But the commission’s proposed measures will be closely scrutinised over concerns including privacy, the chance that even inoculated people can spread Covid-19, and possible discrimination against those who have not had the opportunity to be immunised.

In an immediate sign of potential opposition, Sophie Wilmès, Belgium’s foreign minister, raised concerns about the plan. She said that while the idea of a standardised European digital document to gather the details outlined by von der Leyen was a good one, the decision to style it a “pass” was “confusing”. 

“For Belgium, there is no question of linking vaccination to the freedom of movement around Europe,” Wilmès wrote in a tweet. “Respect for the principle of non-discrimination is more fundamental than ever since vaccination is not compulsory and access to the vaccine is not yet generalised.”

The travel sector tentatively welcomed the news of Europe-wide vaccine certification as a way to rebuild confidence ahead of the crucial summer season, but warned that regular and rapid testing was a more efficient and immediate way to allow the industry to restart.

Fritz Joussen, chief executive of Tui, Europe’s largest tour operator, said “with a uniform EU certificate, politicians can now create an important basis for summer travel”. But he added that testing remained “the second important building block for safe holidays” while large numbers of Europeans awaited a jab.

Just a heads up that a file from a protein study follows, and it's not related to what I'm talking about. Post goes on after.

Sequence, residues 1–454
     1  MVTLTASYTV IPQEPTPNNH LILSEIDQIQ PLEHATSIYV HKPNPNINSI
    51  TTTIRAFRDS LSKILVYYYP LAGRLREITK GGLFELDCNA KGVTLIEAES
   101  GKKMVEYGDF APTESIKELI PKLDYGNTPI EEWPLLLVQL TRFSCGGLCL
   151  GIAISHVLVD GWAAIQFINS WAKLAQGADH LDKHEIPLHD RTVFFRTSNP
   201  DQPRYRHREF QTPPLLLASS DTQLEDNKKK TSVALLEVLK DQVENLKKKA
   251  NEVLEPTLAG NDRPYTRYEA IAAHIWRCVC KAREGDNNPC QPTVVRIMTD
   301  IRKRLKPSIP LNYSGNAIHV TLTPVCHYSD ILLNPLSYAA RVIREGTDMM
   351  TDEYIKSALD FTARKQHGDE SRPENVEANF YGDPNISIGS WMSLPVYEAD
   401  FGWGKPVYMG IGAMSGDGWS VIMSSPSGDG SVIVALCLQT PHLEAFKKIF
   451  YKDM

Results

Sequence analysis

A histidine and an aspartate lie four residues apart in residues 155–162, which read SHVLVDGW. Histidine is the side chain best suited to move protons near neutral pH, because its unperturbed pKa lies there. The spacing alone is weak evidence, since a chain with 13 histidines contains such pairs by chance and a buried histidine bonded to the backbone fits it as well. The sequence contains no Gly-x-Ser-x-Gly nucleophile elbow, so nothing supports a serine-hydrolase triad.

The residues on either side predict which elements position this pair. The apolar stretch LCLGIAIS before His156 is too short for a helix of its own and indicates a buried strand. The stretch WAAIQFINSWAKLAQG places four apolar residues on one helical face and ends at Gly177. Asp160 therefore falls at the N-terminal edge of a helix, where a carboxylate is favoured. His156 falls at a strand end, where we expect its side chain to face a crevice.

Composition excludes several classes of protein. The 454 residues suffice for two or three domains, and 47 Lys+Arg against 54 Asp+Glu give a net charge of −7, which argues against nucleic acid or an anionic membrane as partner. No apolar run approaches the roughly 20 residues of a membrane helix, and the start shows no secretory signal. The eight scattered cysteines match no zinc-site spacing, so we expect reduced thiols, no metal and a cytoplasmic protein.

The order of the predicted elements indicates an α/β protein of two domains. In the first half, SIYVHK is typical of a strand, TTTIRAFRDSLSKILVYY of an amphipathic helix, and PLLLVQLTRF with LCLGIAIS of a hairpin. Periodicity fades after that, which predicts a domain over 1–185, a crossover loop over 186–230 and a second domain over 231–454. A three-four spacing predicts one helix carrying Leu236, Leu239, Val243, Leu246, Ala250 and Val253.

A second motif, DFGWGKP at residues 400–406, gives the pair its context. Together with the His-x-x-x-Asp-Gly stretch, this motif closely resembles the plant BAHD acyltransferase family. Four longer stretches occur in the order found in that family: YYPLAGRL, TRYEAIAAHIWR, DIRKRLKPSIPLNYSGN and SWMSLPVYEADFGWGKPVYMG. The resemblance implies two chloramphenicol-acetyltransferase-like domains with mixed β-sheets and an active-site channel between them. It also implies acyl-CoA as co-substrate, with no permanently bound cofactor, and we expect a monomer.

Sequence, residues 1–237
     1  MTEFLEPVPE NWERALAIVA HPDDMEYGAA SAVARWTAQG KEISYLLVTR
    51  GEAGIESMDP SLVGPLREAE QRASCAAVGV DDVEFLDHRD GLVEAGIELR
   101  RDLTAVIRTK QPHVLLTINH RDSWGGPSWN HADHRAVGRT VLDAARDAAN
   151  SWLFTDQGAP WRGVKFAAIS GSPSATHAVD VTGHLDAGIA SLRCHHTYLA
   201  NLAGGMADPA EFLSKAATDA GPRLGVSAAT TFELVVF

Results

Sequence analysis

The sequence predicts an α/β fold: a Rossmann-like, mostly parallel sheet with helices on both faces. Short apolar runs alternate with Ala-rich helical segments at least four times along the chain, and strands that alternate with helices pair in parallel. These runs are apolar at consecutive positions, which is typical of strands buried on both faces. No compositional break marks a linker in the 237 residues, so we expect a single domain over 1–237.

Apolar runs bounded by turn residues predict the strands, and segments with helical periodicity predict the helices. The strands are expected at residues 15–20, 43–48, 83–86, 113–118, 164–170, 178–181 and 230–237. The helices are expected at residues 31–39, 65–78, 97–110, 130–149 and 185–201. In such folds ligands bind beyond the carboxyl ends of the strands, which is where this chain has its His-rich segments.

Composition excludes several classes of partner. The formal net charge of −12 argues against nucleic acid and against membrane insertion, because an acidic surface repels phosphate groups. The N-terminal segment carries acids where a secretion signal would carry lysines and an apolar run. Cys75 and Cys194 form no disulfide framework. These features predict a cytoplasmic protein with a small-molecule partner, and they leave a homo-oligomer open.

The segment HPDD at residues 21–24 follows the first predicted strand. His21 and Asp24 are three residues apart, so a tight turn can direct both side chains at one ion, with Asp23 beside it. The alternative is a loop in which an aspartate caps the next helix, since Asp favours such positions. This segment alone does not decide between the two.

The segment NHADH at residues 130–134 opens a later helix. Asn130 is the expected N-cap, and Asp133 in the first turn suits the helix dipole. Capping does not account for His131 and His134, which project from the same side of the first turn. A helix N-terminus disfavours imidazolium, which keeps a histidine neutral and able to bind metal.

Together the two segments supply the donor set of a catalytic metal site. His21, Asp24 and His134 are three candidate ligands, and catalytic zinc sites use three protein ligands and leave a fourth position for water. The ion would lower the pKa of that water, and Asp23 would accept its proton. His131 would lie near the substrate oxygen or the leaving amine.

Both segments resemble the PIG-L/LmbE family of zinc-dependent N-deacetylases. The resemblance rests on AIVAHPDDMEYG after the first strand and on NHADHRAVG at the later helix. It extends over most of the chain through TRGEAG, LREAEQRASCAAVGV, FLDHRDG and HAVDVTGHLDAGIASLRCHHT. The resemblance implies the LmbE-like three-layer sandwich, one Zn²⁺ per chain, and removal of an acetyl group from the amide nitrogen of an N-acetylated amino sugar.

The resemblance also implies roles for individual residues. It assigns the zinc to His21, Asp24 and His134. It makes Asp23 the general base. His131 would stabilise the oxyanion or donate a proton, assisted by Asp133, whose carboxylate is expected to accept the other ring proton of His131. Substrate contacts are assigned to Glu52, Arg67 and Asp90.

Marco Corradino, chief executive of online travel agent, said he feared the infrastructure needed would not be ready in time for the summer season: “It will not work . . . at EU level because it is too complicated and would not be in place by June.”

He suggested that bilateral deals, such as the one agreed between Greece and Israel in February to allow vaccinated citizens to travel without the need to show a negative test result, had more potential.

Vaccine passport sceptics argue it would be unfair to restrict people’s travel rights simply because they are still waiting for their turn to be jabbed. 

Gloria Guevara, CEO of the World Travel and Tourism Council, said it was important not to discriminate against less advanced countries and younger travellers, or those who simply cannot or choose not to be vaccinated. “Future travel is about a combination of measures such as comprehensive testing, mask-wearing, enhanced health and hygiene protocols as well as digital passes for specific journeys,” she added.

A European Commission target to vaccinate 70 per cent of the bloc’s 446m residents by September means many people are likely to go through summer unimmunised.

While some countries around the world have long required visitors to be vaccinated against infectious diseases such as yellow fever, a crucial difference with coronavirus is that those inoculations are available to travellers on demand. 

Questions also remain about the risk of people who have already been vaccinated passing on coronavirus if they contract the disease.